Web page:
Firstly, HG can cause respiratory arrest. To our knowledge, there has been no report on respiratory arrest in HG. HG sometimes causes Wernicke encephalopathy due to vitamin B1 (thiamine) depletion. Theoretically, respiratory arrest can occur with HG-induced Wernicke encephalopathy. Its main lesion is considered to be mammillary bodies and structures surrounding the third ventricle, aqueduct, and fourth ventricle [3]. If the disease is very severe and prolonged thiamine deficiency exists, the myelin sheaths of central pons become more sensitive to changes in serum electrolyte levels (sodium, phosphate, and potassium) [1]: myelinolysis occurs there and can cause respiratory arrest. Although Wernicke encephalopathy cannot be completely ruled out in this patient, the following may reduce its possibility: (1) vitamin B1 had been intravenously administered before the onset of respiratory arrest; Wernicke encephalopathy usually does not deteriorate after vitamin B1 administration and (2) the patient showed complete recovery within a very short period, which contradicts the usual clinical course of Wernicke encephalopathy. Additionally, magnetic resonance imaging revealed no findings indicative of Wernicke encephalopathy or central pontine myelinolysis. Neurological examination also revealed no evident signs of Wernicke encephalopathy. Then, why did respiratory arrest occur?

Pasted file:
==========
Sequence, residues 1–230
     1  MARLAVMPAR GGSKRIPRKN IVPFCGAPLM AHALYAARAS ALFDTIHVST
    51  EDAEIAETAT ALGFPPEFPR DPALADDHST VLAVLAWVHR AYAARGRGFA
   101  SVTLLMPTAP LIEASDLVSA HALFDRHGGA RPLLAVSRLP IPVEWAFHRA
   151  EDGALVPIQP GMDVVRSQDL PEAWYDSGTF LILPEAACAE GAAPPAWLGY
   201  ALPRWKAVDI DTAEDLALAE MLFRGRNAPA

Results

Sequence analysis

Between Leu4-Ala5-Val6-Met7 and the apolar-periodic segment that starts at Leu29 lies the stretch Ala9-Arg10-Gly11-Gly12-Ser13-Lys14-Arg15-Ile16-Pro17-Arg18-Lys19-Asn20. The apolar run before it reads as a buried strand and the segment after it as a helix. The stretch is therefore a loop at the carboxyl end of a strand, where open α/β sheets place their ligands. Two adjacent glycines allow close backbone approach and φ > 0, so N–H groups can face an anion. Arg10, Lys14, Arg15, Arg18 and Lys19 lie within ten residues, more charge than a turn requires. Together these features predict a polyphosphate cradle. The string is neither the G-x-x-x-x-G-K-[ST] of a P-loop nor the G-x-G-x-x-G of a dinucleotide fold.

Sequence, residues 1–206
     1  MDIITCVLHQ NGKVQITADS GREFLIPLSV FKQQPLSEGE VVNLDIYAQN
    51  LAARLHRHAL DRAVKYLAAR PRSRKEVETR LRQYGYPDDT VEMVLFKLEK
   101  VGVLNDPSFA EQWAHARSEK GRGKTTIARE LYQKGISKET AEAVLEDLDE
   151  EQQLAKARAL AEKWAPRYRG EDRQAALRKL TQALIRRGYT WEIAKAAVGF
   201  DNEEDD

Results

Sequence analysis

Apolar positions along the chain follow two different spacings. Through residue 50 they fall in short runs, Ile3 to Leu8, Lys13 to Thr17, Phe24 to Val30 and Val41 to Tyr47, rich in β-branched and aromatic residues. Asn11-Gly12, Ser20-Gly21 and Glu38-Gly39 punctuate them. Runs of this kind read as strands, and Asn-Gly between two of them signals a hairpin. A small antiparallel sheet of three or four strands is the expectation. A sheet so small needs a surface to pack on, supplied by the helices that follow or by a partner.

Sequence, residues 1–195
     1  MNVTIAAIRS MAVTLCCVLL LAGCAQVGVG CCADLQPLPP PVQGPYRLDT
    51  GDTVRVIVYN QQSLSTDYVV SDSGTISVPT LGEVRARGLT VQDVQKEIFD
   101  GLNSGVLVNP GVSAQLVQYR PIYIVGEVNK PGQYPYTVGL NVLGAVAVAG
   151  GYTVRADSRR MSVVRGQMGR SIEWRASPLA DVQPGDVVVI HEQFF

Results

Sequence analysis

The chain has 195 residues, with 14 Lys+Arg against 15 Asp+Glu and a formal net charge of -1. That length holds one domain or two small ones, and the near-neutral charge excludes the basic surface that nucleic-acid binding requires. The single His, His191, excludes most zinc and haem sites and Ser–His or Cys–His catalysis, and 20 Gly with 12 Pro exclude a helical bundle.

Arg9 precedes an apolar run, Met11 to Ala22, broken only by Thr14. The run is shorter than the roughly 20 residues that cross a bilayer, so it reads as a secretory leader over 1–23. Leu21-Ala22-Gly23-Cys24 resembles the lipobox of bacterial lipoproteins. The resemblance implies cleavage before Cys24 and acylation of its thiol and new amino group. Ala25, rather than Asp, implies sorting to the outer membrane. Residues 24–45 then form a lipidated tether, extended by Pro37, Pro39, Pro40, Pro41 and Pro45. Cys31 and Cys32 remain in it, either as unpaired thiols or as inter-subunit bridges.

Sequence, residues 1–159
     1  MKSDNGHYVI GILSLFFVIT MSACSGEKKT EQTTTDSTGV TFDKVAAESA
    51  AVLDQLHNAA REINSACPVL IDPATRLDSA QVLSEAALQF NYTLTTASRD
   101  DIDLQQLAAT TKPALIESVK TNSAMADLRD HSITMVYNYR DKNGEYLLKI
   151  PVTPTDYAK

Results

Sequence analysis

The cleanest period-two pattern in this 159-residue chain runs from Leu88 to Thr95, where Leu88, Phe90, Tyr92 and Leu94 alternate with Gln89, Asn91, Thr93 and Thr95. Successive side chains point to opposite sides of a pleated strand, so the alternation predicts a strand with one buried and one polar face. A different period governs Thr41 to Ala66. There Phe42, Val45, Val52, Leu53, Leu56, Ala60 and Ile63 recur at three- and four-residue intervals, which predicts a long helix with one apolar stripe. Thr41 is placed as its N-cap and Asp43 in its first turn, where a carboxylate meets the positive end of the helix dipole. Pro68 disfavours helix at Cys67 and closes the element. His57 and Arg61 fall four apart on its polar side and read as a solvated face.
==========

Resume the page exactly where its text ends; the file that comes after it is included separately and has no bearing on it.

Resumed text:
We believe that severe potassium deficiency may have caused the respiratory arrest. Pre- or coexisting severe hypoventilation and severe obesity may also have been associated with it. A patient with HG frequently vomits gastric juice and, thus, the loss of hydrogen ions, sodium, chloride, and water in gastric contents leads to chloride-sensitive metabolic alkalosis and extracellular fluid (ECF) volume reduction. The present case exhibited both. Notably, this patient manifested severe ECF volume reduction: she lost 15 kg in bodyweight over 2 weeks, her systolic blood pressure was very low with tachycardia, and RAA activity was markedly elevated. This activated RAA system, in turn, increases the urinary excretion of potassium, resulting in hypopotassemia and potassium deficiency. Importantly, the potassium deficiency in this case was severer than expected from the level of hypopotassemia for the following two reasons: (1) she became unable to stand, strongly suggesting proximal muscle weakness of her lower limbs, which is characteristic of potassium deficiency and is typically observed in patients with periodical paralysis due to severe hypopotassemia [9] and (2) arrhythmia also strongly suggests that her potassium deficiency was marked. Physiologically, metabolic alkalosis can be compensated for by hypoventilation. However, in the present case, PCO2 was excessively elevated for the degree of hyperbicarbonatemia (: 42.2 mEq/L). In short, this patient was much more hypoventilatory than expected for compensatory hypoventilation. Considering the coexistence of severe potassium deficiency and excessive hypoventilation, marked potassium deficiency may have caused respiratory muscle paralysis and thereby exacerbated hypoventilation, finally leading to respiratory arrest. Severe obesity may also have been associated with it. In fact, severe hypopotassemia, sometimes in the form of familial periodic paralysis, can manifest as muscle paralysis and ventilatory incapacity, similar to cases with various myopathies [9].